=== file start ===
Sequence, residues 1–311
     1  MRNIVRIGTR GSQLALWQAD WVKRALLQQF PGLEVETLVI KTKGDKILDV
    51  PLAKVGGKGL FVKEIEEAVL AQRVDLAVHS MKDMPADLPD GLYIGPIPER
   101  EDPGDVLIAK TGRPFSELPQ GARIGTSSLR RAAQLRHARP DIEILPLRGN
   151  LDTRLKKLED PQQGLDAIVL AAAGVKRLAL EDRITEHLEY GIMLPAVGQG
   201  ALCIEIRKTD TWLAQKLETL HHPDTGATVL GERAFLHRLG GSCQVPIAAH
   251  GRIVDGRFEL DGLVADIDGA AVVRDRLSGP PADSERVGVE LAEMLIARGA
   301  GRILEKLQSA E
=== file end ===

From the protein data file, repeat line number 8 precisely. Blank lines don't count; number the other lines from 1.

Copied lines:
   301  GRILEKLQSA E